If the budget impasse forces a government shutdown, most of the federal banking agencies will remain open for business since they are self-funded. (The Federal Housing Administration is a notable exception, and HUD Secretary Shawn Donovan warned Thursday that a pause in FHA-backed loan originations would harm the fragile housing market.) But a trip to American Banker's archives reveals that a federal shutdown can affect banks in other ways.


During the shutdown that lasted several weeks in December 1995 and January 1996, banks were granting extensions on loan payments, and making short-term loans, to tide over furloughed government employees. Many extended the assistance as a courtesy to good customers, though lawmakers certainly encouraged them to do so. (Click on that story and you'll see that even 15 years ago Republican lawmakers loved to use the phrase "unintended consequences.") One Washington-area savings bank even paid the lighting bills for Mt. Rushmore on behalf of the National Park Service for a time.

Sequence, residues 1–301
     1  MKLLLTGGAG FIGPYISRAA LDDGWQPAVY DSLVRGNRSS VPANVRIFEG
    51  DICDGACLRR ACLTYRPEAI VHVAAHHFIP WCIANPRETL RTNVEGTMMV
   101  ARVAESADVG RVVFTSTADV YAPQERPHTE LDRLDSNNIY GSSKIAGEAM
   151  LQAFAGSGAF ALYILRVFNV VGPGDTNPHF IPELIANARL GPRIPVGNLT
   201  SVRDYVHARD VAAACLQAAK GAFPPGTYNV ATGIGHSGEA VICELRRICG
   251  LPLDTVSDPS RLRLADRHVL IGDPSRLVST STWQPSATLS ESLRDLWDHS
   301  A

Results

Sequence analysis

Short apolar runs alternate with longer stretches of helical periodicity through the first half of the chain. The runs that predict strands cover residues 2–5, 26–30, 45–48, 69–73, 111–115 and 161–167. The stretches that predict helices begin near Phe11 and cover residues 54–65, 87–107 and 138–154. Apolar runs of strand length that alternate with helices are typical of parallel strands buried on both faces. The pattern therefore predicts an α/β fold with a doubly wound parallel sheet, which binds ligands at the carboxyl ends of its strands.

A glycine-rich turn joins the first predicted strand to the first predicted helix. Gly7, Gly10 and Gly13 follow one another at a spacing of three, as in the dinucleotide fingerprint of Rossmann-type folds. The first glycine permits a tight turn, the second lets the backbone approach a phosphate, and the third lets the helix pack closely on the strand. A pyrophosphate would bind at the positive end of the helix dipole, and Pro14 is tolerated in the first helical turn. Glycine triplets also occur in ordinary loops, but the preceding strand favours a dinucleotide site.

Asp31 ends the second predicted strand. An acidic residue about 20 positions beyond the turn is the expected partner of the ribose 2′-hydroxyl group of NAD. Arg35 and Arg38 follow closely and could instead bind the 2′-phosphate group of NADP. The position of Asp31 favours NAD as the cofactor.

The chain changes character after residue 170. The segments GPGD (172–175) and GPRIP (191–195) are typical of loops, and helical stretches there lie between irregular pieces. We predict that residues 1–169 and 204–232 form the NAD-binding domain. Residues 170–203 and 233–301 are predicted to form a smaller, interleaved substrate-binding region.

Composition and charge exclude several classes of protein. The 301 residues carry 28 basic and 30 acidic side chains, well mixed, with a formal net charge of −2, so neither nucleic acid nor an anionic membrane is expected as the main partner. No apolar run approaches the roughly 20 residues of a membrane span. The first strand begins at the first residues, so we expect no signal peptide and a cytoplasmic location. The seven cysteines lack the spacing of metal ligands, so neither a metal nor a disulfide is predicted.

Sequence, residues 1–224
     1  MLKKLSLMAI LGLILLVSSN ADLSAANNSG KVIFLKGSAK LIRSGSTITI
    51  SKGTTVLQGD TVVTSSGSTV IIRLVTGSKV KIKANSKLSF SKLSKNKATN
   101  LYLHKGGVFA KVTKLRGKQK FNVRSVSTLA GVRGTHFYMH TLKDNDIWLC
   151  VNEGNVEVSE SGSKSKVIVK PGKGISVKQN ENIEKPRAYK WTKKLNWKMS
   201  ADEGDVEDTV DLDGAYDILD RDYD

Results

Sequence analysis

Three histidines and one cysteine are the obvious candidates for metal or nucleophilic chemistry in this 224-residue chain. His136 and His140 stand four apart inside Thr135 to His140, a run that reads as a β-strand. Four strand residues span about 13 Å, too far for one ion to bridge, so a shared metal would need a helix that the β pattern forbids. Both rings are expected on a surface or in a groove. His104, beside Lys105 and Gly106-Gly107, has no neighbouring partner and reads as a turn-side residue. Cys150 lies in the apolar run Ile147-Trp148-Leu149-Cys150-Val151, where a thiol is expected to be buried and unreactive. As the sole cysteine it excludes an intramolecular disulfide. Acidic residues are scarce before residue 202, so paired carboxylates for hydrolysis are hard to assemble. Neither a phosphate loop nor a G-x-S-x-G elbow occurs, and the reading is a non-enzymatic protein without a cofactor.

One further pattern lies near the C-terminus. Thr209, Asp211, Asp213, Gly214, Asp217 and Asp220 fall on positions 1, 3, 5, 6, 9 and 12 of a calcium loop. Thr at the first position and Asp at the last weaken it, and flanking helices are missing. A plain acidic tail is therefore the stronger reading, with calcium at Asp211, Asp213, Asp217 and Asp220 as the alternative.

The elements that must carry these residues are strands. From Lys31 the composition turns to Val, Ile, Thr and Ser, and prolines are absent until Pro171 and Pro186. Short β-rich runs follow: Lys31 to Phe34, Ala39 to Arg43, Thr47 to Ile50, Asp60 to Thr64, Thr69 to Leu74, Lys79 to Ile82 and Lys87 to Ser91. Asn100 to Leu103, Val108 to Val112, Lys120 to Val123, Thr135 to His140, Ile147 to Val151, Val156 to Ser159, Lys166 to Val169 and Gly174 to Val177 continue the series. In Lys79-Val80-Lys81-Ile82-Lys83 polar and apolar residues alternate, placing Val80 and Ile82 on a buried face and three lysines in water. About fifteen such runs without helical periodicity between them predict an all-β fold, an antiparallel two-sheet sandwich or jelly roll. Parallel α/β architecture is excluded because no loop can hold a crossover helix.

And FHA lenders indeed suffered during the shutdown. For the most part, they couldn't get case numbers for new loans. And when they did, lenders took some risk in closing the loans, since they didn't know when the government would reopen, and a loan had to be submitted to FHA within 60 days of closing to receive insurance. Donovan's predecessor complained at the time that HUD was unable to sell properties it had foreclosed on — something it has a lot of today — and couldn't pay claims on defaulted loans, among other problems.

This year is American Banker's 175th anniversary, and we're proud of our history and our long tradition of covering the banking industry in depth. Though we have to admit we blushed when we came across this headline from November 22, 1995, a few days after the government reopened following an earlier, shorter shutdown: "Lenders, Brokers Relieved that Federal Shutdown Was Short-Lived." Relieved? No kidding, Columbo.